Also, one of my biggest pet peeves is to hear someone say, “I’ve been through things no one else can imagine,” or, “If anyone else had been given my trials they would have given up or just died.” Well, how do you know that? How do you know how much someone else has suffered or what kind of strength they have in them to endure? Thinking this way certainly doesn’t bring strength, and it certainly doesn’t bring happiness. Maybe this will sound judgmental, but that sort of attitude reflects egotism, in my opinion. Ego definitely stands in the way of happiness.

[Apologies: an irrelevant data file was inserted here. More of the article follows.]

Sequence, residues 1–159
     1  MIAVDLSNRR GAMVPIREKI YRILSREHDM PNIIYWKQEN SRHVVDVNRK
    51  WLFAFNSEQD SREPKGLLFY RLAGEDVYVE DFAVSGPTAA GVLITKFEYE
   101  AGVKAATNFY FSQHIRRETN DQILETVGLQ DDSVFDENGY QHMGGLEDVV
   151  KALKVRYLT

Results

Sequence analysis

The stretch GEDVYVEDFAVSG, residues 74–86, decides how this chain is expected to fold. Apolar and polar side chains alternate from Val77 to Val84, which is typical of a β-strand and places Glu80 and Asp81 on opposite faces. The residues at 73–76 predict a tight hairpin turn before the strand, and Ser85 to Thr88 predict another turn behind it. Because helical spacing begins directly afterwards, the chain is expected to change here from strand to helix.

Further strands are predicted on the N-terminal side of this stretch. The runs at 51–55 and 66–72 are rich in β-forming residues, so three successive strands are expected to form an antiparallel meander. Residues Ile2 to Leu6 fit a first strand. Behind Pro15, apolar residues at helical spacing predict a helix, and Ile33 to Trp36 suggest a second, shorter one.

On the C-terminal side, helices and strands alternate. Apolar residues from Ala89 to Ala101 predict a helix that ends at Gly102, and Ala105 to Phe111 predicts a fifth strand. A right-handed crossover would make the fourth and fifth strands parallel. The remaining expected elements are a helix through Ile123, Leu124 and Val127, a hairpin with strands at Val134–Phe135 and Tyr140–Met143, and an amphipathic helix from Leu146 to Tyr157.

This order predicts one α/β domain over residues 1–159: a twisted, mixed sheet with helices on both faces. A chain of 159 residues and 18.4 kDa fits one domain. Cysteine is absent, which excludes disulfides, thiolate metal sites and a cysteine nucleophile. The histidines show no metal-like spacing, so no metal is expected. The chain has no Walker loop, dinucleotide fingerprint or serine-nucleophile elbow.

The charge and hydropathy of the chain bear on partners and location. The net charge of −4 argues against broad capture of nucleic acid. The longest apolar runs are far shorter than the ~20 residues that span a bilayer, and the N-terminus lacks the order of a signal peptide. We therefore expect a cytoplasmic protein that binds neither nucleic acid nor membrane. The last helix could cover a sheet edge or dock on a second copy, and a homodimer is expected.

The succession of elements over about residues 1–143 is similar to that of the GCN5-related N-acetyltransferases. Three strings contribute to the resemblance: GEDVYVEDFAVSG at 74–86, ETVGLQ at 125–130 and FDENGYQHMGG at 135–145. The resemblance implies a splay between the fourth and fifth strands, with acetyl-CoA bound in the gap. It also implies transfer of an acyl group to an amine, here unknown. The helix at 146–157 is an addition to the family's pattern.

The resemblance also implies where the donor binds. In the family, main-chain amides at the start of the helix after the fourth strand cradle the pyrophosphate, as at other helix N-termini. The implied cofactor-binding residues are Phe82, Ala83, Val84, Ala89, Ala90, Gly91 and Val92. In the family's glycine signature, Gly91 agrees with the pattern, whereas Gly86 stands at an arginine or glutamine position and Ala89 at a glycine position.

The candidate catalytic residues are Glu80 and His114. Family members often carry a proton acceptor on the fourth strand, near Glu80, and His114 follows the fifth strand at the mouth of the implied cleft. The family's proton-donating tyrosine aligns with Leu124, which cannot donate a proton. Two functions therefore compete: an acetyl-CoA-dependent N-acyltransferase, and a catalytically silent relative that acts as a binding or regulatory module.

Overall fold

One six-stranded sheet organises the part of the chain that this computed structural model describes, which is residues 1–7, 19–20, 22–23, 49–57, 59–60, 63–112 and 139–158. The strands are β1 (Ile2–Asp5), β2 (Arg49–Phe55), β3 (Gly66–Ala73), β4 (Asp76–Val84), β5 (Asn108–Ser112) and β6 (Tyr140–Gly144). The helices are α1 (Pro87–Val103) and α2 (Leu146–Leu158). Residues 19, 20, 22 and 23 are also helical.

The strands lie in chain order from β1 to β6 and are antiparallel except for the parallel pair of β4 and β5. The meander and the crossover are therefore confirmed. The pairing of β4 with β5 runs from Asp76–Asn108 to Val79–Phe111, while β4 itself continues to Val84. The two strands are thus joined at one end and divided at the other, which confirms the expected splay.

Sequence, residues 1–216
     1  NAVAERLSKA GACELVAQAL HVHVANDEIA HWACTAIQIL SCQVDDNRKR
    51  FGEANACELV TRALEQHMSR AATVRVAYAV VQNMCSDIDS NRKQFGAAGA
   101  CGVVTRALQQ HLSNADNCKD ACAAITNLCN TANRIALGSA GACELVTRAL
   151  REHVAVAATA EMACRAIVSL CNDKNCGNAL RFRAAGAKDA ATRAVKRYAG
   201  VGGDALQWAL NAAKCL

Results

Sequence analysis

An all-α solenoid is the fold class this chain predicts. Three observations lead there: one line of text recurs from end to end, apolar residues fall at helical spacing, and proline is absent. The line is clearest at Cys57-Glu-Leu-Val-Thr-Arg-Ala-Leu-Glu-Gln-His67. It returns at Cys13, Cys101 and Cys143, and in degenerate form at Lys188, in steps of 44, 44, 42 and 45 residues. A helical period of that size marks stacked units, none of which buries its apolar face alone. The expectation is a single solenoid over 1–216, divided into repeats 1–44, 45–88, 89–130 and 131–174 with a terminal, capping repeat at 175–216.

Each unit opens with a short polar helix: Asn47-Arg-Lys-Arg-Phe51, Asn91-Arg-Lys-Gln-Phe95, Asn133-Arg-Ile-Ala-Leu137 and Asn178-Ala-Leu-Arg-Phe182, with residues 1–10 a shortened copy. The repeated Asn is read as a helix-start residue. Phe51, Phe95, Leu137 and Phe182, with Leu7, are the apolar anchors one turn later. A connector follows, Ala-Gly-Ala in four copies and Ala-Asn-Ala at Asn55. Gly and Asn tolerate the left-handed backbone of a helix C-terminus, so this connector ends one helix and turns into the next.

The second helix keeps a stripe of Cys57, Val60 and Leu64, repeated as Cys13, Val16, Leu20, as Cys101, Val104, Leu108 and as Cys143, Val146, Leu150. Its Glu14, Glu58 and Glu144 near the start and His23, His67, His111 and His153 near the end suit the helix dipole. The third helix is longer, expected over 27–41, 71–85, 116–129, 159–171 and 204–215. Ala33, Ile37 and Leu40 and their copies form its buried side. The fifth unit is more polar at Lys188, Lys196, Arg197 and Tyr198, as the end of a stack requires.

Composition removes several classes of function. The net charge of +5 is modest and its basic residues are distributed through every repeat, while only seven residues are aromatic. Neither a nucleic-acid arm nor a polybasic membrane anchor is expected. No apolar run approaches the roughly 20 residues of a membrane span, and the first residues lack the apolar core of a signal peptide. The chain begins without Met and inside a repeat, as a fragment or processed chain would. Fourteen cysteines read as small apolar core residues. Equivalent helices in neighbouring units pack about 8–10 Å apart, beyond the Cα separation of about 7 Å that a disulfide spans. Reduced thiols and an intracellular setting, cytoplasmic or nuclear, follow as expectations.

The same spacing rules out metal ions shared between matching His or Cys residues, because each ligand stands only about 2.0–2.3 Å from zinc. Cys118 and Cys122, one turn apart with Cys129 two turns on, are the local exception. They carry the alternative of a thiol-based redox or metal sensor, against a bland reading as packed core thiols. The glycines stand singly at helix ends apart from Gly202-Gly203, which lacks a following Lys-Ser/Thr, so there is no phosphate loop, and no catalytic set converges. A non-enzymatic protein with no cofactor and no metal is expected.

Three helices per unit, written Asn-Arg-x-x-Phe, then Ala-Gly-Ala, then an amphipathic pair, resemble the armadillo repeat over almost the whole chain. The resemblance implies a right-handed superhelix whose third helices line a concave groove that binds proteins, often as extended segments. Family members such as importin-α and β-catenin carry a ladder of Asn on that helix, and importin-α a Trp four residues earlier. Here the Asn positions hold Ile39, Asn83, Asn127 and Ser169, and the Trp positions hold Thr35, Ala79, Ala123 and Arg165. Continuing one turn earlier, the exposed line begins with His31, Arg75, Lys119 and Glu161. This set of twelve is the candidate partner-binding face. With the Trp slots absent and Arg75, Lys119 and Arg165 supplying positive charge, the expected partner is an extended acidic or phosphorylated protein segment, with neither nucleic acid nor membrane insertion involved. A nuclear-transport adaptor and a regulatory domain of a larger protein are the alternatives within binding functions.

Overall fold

There’s one other way I’ve found this quote to be true. And that is when we compare our hardship to others—not in a I’ve-suffered-more-than-anyone-else sort of way. In a I-shouldn’t-feel-so-bad-because-other-people-have-it-worse-than-me sort of way. A friend from high school helped teach me this lesson. It was after the second time in high school that I almost took my own life. I told her I felt bad for feeling bad—because really I had a pretty good life. I was just depressed, but I knew I shouldn’t be because there was real suffering in the world, and I was blessed to live in a first world country. She told me I shouldn’t compare my problems to other people. She said something along the lines of, “Something that’s hard for you might not be hard for someone else, but what’s hard for someone else might be easy for you. We’re all individuals, and we’re all different.”